Uses of Aprepitant
Aprepitant is used with other medications in adults and children 6 months of age and older to prevent nausea and vomiting that may occur after receiving cancer chemotherapy treatment. It is also used with other medications in adults and children 6 months of age and older to prevent delayed nausea and vomiting that may occur several days after receiving certain chemotherapy medications. Aprepitant is not used to treat nausea and vomiting that you already have. Aprepitant is in a class of medications called antiemetics. It works by blocking the action of neurokinin, a natural substance in the brain that causes nausea and vomiting.
Side Effects of Aprepitant
Aprepitant may cause side effects. Tell your doctor if any of these symptoms are severe or do not go away:
- stomach pain
- loss of appetite
- hair loss
Some side effects can be serious. If you experience any of these symptoms, call your doctor immediately:
Aprepitant may cause other side effects. Call your doctor if you have any unusual problems while taking this medication.
Warnings & Precautions
Before taking aprepitant:
- tell your doctor and pharmacist if you are allergic to aprepitant, any other medications, or any of the ingredients in aprepitant capsules or oral suspension. Ask your pharmacist for a list of the ingredients.
- do not take aprepitant if you are taking pimozide (Orap). Your doctor will probably tell you not to take aprepitant if you are taking this medication.
- tell your doctor and pharmacist what other prescription and nonprescription medications, vitamins, nutritional supplements, and herbal products you are taking or plan to take. Be sure to mention any of the following: anticoagulants (‘blood thinners’) such as warfarin (Coumadin, Jantoven); antifungals such as itraconazole (Onmel, Sporanox) and ketoconazole ; benzodiazepines such as alprazolam (Xanax), diazepam (Valium), midazolam , and triazolam (Halcion); cancer chemotherapy medications such as ifosfamide (Ifex), irinotecan (Camptosar), vinblastine, and vincristine (Marqibo Kit); carbamazepine (Equetro, Tegretol, Teril); clarithromycin (Biaxin, in Prevpac); diltiazem (Cardizem, Cartia, Tiazac); HIV protease inhibitors such as nelfinavir (Viracept) and ritonavir (Norvir); hormonal contraceptives (birth control pills, patches, rings, and injections); nefazodone; oral steroids such as dexamethasone and methylprednisolone (Medrol); phenytoin (Dilantin, Phenytek); rifampin (Rifadin, Rimactane, in Rifamate, in Rifater); and troleandomycin (TAO; no longer available in U.S.). Your doctor may need to change the doses of your medications or monitor you carefully for side effects. Many other medications may also interact with aprepitant, so be sure to tell your doctor about all the medications you are taking, even those that do not appear on this list.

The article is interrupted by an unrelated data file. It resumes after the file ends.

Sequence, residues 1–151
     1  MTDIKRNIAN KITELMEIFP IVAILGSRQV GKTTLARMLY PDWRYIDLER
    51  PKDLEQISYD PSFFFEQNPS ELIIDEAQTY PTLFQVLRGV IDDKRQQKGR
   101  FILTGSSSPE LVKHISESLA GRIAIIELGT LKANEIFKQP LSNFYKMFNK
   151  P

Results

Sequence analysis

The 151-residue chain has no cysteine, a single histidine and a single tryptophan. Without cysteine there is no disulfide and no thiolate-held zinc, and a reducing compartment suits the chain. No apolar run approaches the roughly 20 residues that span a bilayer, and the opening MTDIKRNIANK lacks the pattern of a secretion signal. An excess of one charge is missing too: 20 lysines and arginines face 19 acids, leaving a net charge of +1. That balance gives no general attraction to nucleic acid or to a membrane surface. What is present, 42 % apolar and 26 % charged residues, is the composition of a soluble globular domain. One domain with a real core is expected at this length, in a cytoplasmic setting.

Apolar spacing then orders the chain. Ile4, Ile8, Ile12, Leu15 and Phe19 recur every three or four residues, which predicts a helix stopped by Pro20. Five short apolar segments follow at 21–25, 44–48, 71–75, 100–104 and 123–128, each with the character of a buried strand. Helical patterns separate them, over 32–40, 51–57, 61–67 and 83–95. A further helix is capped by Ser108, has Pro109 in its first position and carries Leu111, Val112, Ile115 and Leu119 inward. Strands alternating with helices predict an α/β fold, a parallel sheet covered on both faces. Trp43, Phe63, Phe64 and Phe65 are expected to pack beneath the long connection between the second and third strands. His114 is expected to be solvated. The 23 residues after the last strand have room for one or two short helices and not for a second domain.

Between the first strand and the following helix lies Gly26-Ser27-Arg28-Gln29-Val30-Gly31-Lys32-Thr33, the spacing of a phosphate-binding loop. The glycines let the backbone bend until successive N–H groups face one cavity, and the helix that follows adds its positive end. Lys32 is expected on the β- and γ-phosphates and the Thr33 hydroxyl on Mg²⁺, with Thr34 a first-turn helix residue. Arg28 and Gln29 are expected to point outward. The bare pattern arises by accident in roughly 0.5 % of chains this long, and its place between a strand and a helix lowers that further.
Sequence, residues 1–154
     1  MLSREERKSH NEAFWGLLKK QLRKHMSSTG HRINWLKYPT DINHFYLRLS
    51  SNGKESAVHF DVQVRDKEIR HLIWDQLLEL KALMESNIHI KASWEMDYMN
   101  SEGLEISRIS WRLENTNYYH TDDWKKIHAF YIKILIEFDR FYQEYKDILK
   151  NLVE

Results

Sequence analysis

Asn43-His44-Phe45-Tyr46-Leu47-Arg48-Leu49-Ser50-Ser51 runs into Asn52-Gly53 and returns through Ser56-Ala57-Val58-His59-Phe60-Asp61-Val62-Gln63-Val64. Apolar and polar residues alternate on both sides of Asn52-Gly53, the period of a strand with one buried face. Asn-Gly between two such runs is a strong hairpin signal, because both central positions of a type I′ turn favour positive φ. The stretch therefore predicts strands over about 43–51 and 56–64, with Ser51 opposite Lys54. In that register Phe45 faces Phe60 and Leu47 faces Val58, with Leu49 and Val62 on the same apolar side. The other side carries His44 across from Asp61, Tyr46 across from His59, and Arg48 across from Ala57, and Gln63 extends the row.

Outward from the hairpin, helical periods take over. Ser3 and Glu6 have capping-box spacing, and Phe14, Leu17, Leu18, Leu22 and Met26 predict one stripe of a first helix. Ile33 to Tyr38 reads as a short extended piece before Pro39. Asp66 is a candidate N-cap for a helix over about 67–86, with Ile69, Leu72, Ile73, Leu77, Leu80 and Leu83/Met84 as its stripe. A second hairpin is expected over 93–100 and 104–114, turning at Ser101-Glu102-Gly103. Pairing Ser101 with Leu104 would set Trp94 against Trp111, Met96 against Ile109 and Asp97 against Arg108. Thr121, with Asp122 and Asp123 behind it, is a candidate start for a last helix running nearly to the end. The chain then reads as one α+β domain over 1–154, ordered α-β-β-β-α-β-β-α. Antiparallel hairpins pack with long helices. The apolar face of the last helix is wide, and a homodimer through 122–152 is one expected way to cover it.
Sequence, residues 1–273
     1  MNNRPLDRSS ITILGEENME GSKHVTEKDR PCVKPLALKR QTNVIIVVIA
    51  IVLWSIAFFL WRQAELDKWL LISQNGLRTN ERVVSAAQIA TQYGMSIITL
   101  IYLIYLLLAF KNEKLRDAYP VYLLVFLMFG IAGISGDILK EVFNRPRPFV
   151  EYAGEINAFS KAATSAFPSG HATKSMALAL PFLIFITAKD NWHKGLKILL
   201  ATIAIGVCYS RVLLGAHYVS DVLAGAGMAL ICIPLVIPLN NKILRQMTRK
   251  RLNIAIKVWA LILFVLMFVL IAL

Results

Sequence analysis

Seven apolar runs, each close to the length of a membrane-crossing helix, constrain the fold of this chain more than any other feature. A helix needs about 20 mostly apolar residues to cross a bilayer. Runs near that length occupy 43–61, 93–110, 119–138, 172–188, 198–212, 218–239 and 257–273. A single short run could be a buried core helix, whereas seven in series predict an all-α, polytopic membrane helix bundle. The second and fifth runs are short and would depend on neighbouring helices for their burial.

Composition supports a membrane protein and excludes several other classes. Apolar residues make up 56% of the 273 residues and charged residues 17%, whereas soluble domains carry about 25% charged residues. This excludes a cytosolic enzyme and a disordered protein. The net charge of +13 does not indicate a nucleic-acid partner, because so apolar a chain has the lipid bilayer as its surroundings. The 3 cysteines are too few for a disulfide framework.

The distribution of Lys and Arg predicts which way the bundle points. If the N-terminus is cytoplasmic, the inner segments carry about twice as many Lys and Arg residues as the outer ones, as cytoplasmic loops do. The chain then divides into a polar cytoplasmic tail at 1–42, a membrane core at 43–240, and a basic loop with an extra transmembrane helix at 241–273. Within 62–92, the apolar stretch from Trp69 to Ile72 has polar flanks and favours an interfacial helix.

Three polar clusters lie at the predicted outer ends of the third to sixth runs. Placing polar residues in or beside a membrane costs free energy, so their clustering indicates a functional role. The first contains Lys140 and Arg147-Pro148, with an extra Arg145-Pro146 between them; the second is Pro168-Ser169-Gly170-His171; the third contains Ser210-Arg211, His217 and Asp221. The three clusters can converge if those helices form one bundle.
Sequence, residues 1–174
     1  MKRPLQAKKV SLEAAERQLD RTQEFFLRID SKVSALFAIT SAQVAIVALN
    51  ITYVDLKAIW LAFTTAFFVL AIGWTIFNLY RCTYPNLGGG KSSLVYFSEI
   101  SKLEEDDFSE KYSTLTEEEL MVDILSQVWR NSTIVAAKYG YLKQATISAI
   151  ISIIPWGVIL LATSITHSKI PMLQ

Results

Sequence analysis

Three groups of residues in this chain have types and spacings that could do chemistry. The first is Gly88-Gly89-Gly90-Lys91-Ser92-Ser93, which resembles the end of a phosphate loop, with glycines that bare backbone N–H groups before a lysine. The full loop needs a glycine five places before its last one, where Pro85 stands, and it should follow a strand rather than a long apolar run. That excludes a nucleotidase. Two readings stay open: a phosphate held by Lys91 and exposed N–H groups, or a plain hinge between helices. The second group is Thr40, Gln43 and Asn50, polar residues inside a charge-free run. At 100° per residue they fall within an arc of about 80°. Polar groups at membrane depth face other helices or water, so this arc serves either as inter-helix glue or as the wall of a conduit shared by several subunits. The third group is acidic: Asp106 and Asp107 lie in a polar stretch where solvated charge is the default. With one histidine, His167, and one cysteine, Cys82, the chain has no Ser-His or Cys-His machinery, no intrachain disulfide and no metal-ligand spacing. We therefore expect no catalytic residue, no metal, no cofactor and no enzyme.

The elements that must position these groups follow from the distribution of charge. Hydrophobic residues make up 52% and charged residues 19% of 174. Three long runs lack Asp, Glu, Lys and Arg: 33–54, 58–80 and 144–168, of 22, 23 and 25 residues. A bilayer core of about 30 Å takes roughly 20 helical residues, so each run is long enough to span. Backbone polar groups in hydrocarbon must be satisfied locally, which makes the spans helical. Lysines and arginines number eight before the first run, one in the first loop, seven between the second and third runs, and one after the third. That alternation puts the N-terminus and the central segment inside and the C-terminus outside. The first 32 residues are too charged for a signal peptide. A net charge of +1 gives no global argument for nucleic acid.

- tell your doctor if you have or have ever had liver disease.